Washington recently relaxed some rules around booze during the COVID-19 pandemic, allowing any restaurant with a liquor license to sell bottled wine for takeout and delivery. And some are trying to seize a potential opportunity to find more avenues for cash. One example is the Bainbridge Island-based Hitchcock Restaurant Group (HRG), which has opened up its cellars to launch “Pandemic Wine Club,” sort of an ad hoc remote sommelier service. The wines come from the celebrated restaurant Hitchcock and the pizzeria Bruciato on Bainbridge Island, as well as Downtown’s Bar Taglio.
HRG’s beverage director Alexandra Stang tells Eater Seattle that she currently takes requests through DMs on her Instagram and email (email@example.com) for curating a selection of wines, then has a phone call with each new interested client to tailor selections from over 1,000 varieties. The quantity ranges from 4-24 bottles, with an average bottle price of $20 at a retail markup. It’s a bit more than what some might pay at the grocery store, but she says there’s a personalized experience the group is trying to accomplish. “We’re not trying to be cookie cutter about it,” she says.
Stang emails notes about the wine, and says people “appreciate some interaction” as social distancing becomes the norm. Pickup is available at Bruciato for Bainbridge Island patrons, or at the recently-opened sandwich shop, Panino Taglio, in Georgetown, while delivery has a $10 fee with a turnaround time of 2-3 days. In order to comply with CDC measures, bottles are wiped down with a sanitizing cloth and packed with gloves on, and payment is accepted over the phone.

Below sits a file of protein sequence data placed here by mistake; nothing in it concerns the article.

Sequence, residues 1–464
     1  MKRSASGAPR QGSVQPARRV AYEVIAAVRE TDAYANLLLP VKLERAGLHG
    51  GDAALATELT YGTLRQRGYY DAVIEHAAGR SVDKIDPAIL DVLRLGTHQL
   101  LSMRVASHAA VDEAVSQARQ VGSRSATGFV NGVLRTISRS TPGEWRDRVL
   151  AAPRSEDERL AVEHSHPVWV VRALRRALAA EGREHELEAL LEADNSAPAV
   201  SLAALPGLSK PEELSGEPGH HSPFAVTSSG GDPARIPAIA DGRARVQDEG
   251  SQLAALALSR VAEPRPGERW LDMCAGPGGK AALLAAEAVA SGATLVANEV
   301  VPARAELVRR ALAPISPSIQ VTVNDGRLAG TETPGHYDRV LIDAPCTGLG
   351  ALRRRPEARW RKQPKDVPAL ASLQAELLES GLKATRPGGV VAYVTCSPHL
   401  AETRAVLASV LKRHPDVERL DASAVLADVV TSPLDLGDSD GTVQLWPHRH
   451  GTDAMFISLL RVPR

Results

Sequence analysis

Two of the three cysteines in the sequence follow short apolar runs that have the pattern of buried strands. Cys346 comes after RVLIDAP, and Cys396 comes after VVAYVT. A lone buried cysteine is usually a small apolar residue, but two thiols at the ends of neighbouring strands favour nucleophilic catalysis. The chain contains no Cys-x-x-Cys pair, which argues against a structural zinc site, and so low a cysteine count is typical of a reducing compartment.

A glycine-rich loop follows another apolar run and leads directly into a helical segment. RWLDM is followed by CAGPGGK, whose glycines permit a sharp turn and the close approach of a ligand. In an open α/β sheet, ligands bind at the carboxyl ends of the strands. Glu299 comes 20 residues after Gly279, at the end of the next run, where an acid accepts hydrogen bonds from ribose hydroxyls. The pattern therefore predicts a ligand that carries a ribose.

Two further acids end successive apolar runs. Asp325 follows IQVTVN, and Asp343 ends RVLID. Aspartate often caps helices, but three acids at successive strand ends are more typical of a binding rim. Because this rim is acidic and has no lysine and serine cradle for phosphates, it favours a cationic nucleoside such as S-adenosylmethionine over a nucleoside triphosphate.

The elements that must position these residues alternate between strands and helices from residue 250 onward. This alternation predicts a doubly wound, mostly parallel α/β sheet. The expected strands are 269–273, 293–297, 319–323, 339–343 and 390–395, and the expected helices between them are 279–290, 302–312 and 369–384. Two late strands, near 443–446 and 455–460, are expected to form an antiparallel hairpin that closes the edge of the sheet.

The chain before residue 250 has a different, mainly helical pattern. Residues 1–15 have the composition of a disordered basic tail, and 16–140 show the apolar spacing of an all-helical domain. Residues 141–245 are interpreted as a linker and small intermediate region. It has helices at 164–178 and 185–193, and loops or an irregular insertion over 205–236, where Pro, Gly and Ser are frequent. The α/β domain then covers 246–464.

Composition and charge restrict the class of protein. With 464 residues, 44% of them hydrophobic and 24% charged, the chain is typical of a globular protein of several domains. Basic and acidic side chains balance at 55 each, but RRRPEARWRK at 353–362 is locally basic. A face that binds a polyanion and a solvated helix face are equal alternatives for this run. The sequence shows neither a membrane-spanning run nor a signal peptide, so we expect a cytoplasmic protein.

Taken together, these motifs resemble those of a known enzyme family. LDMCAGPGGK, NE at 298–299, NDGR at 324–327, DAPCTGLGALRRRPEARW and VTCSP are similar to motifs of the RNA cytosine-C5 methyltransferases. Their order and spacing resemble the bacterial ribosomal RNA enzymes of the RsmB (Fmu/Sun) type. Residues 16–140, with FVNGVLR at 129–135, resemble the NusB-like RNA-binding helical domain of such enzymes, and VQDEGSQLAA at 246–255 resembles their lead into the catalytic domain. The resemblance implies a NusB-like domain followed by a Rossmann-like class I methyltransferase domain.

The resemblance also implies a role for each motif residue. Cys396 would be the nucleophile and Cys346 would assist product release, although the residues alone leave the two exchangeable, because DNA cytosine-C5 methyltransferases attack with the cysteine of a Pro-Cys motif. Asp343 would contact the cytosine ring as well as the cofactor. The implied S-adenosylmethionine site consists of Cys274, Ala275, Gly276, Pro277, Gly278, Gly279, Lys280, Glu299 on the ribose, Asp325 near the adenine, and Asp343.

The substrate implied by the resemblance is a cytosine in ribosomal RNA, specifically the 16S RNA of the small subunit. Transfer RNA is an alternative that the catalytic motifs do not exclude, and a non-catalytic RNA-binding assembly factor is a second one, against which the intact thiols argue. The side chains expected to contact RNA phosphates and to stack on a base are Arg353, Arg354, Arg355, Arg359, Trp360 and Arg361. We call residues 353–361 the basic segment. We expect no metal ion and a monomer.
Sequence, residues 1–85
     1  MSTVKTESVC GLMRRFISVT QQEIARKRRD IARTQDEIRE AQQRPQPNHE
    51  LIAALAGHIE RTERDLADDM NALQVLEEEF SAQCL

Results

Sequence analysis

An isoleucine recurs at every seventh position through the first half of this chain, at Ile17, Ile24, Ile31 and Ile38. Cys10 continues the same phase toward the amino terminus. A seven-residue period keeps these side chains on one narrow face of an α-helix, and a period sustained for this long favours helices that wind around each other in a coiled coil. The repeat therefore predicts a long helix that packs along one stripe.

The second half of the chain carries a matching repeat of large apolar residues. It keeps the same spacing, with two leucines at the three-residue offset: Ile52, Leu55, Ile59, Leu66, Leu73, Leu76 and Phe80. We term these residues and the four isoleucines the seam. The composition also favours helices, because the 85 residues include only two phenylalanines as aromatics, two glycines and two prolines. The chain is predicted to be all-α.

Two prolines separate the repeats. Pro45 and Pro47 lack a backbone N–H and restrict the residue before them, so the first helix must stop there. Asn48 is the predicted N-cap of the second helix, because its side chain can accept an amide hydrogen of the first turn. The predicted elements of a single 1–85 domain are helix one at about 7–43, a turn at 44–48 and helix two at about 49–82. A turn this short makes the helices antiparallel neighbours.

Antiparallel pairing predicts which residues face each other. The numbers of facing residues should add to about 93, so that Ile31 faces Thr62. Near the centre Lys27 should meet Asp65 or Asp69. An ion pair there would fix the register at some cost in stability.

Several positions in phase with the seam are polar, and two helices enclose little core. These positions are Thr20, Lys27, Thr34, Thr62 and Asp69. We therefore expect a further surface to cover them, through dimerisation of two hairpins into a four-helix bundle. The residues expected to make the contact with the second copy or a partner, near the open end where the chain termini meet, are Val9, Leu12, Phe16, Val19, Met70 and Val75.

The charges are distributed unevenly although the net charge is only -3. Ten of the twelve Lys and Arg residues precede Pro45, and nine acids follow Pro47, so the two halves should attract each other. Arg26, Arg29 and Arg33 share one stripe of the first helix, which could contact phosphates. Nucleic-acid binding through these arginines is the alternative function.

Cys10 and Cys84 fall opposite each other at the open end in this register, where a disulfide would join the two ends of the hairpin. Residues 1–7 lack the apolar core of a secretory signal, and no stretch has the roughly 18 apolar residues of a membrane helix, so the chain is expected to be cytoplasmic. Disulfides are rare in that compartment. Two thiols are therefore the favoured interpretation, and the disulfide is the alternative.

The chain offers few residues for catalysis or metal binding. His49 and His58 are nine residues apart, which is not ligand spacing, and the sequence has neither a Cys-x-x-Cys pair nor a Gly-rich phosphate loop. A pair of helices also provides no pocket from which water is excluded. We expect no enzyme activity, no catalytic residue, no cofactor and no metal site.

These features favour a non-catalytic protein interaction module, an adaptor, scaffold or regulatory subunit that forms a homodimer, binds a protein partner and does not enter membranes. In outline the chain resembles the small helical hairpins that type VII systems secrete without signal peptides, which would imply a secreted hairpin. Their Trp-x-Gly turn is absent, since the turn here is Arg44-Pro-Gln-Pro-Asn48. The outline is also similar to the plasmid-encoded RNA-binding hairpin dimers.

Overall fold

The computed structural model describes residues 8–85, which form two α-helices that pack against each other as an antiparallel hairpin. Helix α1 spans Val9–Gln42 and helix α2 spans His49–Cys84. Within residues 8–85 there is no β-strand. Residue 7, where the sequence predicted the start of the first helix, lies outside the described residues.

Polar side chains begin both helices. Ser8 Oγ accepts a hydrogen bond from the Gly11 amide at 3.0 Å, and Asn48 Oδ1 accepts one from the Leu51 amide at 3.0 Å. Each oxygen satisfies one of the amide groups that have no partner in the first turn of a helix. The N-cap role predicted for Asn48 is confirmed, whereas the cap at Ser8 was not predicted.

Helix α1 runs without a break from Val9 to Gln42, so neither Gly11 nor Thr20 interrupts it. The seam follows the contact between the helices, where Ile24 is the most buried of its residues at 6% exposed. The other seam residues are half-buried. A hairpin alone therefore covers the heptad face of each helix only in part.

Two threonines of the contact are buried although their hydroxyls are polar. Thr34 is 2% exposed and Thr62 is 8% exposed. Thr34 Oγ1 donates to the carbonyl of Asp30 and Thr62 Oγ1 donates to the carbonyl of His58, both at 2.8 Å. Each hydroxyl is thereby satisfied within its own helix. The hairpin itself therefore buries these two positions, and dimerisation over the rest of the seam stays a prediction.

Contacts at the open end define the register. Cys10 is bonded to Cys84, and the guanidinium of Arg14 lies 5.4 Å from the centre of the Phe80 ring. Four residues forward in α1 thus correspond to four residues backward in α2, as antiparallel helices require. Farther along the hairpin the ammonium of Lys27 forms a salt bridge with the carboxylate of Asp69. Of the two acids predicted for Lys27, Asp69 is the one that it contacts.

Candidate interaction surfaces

HRG follows the path of other restaurants with big wine lists around the country trying to adjust to the new reality. Many of New York City’s top spots are temporarily transforming into bottle shops, and in the Bay Area, three-Michelin-starred Manresa has opened up its entire wine list for retail.
In Seattle, the natural wine-focused French restaurant L’Oursin in the Central District is examining what may be the most appealing prices for its wines, featuring bottles mostly in the $22 and under range for takeout. “We’re only allowing one customer or family in at a time, using fresh gloves for every transaction, sanitizing everything constantly,” says beverage director Zac Overman. And since Washington state now allows any restaurant with a liquor license to sell spirits that are factory-sealed, the restaurant is also looking into how it can package some cocktail kits.
Up in Woodinville wine country, both Tinte Cellars and DeLille Cellars are experimenting with virtual tastings on Facebook to draw people in for takeout orders. And the new wine-focused restaurant Surrell in Capitol Hill is hosting a Social Distancing Dinner Party on Wednesday, as it features wines for pickup and delivery.
Meanwhile, the Hitchcock group — like others — is just trying to get by at the moment. And the Pandemic Wine Club, if it grows, could help bring back some laid-off workers. But when things return to a more normal routine, Stang believes there could be more long-term changes coming to the wine industry.
“Restaurants may have to rethink having giant inventories, and whether there’s a more sustainable way to do things,” she says.